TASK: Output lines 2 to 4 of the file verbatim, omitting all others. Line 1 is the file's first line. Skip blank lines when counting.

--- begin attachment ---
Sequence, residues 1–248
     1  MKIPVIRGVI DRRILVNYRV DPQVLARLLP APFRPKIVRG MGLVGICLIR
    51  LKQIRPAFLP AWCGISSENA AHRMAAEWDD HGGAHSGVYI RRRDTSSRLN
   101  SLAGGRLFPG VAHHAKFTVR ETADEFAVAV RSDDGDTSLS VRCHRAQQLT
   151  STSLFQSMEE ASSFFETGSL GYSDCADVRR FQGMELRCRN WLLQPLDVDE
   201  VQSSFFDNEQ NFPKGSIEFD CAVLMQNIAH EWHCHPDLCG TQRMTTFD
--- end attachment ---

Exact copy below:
     1  MKIPVIRGVI DRRILVNYRV DPQVLARLLP APFRPKIVRG MGLVGICLIR
    51  LKQIRPAFLP AWCGISSENA AHRMAAEWDD HGGAHSGVYI RRRDTSSRLN
   101  SLAGGRLFPG VAHHAKFTVR ETADEFAVAV RSDDGDTSLS VRCHRAQQLT